We hope you love the products we recommend. SeriouslySmoked.com may earn a commission on qualifying purchases from Amazon Associates or other vendors. Read more here.
Our Top Choice...
Cats iron is one of the best materials out there for cooking. It has excellent heat distribution and retention, works with every cooking method known to man, is durable enough to last several lifetimes, and makes excellent food while being naturally fairly nonstick.
It’s hard to go wrong with cast iron, so this list is more about which items stand out from the sea of very good, but fairly generic sets, narrowing it down to what I think are the most interesting and overall best cast iron cookware sets.
Here are the best cast iron skillets you can buy:
For the complete product list, please continue reading...
7 Best Cast Iron Cookware Sets Reviews
This is a great set, 5 pieces of high quality cast iron that gives you a great amount of versatility to work with.
Each of the pieces comes pre-seasoned and ready to use, which is great if you just want to take them out of the box and get to work. You’ve got everything you need here to make pretty much anything, with the exception of a casserole dish.
I like the handles on these. At first glace they’re the same as you’ll find on all cast iron, but on closer inspection they’re a bit thicker and more gently curved, making them easier on the hands; cast iron usually has really garbage skillet handles that hurt your fingers given the weight involved, so it’s nice to see a set that sidesteps this issue.
It’s very hard to do better than this set in any regard. The variety, quality, and price are all leagues better than most other sets on the market, in large part because few brands sell sets of cast iron at all, and if they do it’s just a few different sized skillets.
Great, reasonably comfortable handles for cast iron.
Good variety in the set.
Each individual piece is well made from a single piece of cast iron.
Pre-seasoned for ease of use.
Great price for what you get.
Lacks the more specialized cast iron bits some might want.
This is a great set, even if it is quite a small one.
You get two cast iron skillets here: an 10” skillet and a 12” skillet. While the variety of different kinds of cookware is low, these are honestly enough to cook just about anything you’d ever care to cook in cast iron. They’re great for baking as well as stovetop cooking, and are extremely well made with great durability and heat distribution.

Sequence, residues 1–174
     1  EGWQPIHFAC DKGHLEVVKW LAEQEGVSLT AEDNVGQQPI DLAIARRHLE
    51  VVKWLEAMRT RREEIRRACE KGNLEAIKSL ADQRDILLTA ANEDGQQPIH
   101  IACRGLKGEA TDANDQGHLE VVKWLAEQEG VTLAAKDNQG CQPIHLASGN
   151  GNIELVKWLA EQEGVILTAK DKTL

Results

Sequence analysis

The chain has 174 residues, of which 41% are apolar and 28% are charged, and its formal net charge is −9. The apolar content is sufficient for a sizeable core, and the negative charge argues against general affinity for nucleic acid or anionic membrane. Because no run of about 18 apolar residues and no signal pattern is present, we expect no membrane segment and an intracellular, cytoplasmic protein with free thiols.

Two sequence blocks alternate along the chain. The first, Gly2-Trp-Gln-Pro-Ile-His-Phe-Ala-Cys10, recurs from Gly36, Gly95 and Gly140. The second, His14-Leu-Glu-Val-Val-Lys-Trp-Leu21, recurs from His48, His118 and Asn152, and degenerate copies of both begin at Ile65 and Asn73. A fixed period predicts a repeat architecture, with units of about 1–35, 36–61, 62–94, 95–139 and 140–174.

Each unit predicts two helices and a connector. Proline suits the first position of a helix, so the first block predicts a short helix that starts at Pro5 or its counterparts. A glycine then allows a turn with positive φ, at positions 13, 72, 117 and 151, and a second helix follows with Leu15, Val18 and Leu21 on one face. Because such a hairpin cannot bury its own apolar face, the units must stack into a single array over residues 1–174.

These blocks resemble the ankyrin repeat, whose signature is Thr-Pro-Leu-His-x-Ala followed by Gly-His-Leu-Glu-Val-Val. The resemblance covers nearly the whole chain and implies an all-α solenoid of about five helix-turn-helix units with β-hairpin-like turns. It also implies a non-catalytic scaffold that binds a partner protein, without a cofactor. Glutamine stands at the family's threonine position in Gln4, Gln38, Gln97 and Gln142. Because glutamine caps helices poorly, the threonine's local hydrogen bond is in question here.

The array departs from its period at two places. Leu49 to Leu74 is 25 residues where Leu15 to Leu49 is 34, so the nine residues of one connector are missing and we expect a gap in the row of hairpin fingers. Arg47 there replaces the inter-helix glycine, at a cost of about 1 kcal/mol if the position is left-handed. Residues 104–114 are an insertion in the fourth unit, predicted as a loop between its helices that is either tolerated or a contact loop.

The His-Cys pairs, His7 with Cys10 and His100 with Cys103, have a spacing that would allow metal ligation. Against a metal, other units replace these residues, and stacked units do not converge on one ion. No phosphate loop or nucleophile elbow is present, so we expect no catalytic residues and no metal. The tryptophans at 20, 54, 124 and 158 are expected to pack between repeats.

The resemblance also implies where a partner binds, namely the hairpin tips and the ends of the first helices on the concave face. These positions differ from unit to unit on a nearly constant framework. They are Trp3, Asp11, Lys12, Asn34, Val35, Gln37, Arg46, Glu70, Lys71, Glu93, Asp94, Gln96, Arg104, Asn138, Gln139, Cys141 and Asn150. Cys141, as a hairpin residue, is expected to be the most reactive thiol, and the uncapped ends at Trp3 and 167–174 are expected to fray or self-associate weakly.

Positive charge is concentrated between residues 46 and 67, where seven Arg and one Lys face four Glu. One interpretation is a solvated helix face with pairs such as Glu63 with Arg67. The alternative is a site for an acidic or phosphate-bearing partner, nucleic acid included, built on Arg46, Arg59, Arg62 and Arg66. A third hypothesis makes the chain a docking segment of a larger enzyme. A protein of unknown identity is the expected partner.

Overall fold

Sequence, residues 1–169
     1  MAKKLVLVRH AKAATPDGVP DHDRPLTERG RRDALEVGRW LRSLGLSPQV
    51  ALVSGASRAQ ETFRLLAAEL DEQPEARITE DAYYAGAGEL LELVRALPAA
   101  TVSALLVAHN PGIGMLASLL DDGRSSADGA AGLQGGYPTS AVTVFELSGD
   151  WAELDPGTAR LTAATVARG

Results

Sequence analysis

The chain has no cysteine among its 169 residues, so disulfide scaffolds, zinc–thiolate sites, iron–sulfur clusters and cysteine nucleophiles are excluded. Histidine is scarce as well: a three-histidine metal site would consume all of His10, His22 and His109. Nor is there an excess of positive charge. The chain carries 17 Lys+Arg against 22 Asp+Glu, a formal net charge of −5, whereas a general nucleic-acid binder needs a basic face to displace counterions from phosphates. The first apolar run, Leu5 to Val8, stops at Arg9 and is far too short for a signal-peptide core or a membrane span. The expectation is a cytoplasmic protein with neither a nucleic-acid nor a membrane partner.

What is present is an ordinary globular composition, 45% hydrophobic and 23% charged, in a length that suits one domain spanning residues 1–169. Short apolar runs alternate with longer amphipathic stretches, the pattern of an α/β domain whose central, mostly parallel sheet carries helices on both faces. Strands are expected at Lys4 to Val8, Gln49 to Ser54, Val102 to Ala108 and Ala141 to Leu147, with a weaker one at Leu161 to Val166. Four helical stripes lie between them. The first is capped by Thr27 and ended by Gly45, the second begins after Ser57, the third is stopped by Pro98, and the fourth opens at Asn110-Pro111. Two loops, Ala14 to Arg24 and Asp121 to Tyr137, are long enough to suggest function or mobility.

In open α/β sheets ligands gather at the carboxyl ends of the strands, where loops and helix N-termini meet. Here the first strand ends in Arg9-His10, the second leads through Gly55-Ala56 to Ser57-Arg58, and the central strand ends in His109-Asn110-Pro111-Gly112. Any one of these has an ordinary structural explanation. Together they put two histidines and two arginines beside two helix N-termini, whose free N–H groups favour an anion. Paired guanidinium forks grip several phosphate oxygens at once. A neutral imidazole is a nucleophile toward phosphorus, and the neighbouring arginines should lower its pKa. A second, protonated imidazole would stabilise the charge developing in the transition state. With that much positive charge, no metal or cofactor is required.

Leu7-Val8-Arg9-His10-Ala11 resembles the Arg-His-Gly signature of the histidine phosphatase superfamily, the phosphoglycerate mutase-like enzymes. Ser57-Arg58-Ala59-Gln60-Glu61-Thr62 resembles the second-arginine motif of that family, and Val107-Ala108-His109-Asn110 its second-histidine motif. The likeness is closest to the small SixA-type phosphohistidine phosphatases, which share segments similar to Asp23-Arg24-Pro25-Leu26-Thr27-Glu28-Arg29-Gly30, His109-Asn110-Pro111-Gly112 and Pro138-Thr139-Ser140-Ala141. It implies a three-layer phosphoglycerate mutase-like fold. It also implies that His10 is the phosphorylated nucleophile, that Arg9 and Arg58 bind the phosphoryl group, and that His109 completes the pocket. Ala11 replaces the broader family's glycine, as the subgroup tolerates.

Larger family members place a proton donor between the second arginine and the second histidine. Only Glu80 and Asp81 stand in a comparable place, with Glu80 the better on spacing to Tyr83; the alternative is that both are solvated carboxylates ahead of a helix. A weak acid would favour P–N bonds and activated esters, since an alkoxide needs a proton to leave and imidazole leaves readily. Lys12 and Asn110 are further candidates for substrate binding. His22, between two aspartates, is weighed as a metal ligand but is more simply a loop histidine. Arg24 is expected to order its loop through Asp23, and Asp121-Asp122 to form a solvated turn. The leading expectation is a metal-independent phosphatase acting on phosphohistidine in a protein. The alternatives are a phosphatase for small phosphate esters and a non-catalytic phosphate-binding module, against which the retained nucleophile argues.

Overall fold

The pans are pre-seasoned for quick and easy use, using all natural vegetable oil so you don’t have to worry about any chemicals leaching into your food.
Backing up the durability is a great price and a “forever warranty”, which will replace the cast iron if you somehow manage to destroy it, good for a lifetime. As-is you’re unlikely to ever need it, and are more likely to need to replace the nice slip on silicone handle covers than the skillets themselves.
Forever warranty for any mishaps.
Good versatility even in the two skillets provided.
Lack of variety compared to our winner.
This is an interesting one. It’s kind of iffy as to whether you can truly call this a “set” or not. It is, technically, one item: a Dutch oven with a lid.
However, the lid has an interesting flat design that lets it be used as a cast iron skillet of its own.
Both are very well made, very sturdy cast iron construction with a nice red enamel on the outside that is still safe for all heat sources, including induction stoves and even open flame cooking (like a campfire).
It also has an enameled interior, which is a bit more of a mixed bag. It means the cast iron is “always seasoned”, sort of, and nonstick, but you lose a bit of that pure cast iron flair, and it does mean that there is a failure point here that other cast iron cookware lacks, namely that the enamel can chip and flake. It’s a good enamel, for sure, but even the best is going to erode eventually, leaving you with a pitted surface that is far inferior to just a well seasoned pure cast iron skillet or Dutch oven.
On the other hand, it also mean sit’s easier to clean and less finicky to keep properly, so it’s a bit of a tradeoff.
In short, this is a great set to have for yourself…but it’s not one you’re likely to be passing down the generations.
Versatile 2 in 1 set is easy to use and store.
Durable for the long haul.
Nonstick enamel coating makes cleanup a snap.
Even with coating, is still safe for use on open flames and induction stoves.
A bit pricey for just two items.
Enamel can chip and wear, unlike cast iron itself.
This would not be my first choice as your main set of cast iron, but it’s a really interesting set to get as something to supplement your usual set of cookware.
They make a great “stove to table” food delivery system. You can cook a batch of eggs and breakfast sausage in them to each person’s specifications, and take them straight from the stove and slide them in front of whoever wants it (with a pot holder, of course). Its a versatile kitchen tool that can cook delicious recipes for everyone.
Like I said; probably shouldn’t be your first choice of cast iron, but the simple design belies an incredible amount of versatility in letting you, in a practical way, use your cast iron as both a cooking and serving dish, cutting down on cleanup and time.
Plus, they make excellent bakeware for mini pies, personal sized cornbreads, and other interesting dishes that can also be eaten straight from the server. It’s quite a nice design.
Great versatility; useful as both a cooking and serving set.
Durable cast iron.
Pre-seasoned for quick and easy use.
Heat treated for increased durability and rust resistance.
Each server is small, so can only be used for relatively small dishes.
Another 2 in 1 Bruntmor cast iron set, this time a casserole dish as the primary bit, with a nice griddle pan that also serves as its lid.
The construction is good, like the other set, and for similar reasons it is also flawed. In this case though the enamel is far more welcome. Casseroles tend to be very sticky, regardless of how “nonstick” your surface is, so every little bit helps. The idea of washing a tomato based sauce and browned cheese out of a traditional cast iron without some kind of coating fills me with anxiety, and this makes that off putting task far, far easier.